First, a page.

Design and innovation in the British Empire: a historical consideration of the innovation ecosystem

Lead Research Organisation: University of Strathclyde
Department Name: Design Manufacture and Engineering Man


Design is a constantly evolving discipline, tied to the economy and playing a strategic role in the innovation ecosystem. This research will combine academic expertise in contemporary product design and history to explore the social and cultural drivers of innovation in a historical context to provide new insight into the factors promoting innovation, its application and impact. It will explore the nature of creativity in the industrial context, and the opportunities and restrictions provided by technology and business to the creative process. Additionally, it will provide a pathway to greater understanding of business development through the application of research knowledge and illuminate the prescriptive use of technology to understand how cultural and social groups at home and overseas, adopted products and processes to meet their own requirement - or rejected them in favour of established methods. This process of 'taming' technology (domestication) by peoples in a wide variety of imperial contexts has been underexplored by designers, historians, anthropologists and cultural theorists and this research will both expose this area and appeal to a broad range of disciplines.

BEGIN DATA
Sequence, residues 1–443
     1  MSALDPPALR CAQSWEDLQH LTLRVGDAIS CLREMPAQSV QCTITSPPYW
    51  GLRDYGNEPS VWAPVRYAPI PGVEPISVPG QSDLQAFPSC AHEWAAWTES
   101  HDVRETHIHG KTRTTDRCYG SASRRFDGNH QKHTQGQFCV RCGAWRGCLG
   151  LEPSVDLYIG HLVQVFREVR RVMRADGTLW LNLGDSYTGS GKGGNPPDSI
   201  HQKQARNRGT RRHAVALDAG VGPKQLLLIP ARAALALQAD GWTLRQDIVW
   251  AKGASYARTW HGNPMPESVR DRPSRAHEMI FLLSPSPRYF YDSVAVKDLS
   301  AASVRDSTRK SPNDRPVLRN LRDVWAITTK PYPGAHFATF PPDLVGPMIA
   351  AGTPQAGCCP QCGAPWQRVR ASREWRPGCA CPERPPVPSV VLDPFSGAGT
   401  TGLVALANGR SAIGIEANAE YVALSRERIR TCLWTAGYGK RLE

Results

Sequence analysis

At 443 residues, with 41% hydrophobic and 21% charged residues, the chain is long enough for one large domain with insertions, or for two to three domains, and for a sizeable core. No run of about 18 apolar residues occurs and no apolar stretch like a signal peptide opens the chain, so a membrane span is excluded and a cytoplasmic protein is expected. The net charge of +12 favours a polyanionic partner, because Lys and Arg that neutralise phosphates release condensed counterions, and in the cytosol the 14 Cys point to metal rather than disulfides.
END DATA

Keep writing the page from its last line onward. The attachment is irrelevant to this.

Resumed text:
By constructing a series of historical case studies, based on contemporary technological innovations such as steam power, the work will build a route to the greater understanding of and exposure to the nature of British imperialism and responses to it via a manageable research context and structure. It will also uncover insights into the nature of the Industrial Revolution and the industrial economy, with opportunities to apply the thinking behind this research to more modern industrial change in the developing economies of the world. By mapping these processes in an historical context, this research will shed light on contemporary design issues in a globalised economic context.

The research questions addressed by this research are:
1. What components constituted the innovation ecosystem in the mature industrial economy of nineteenth century Britain?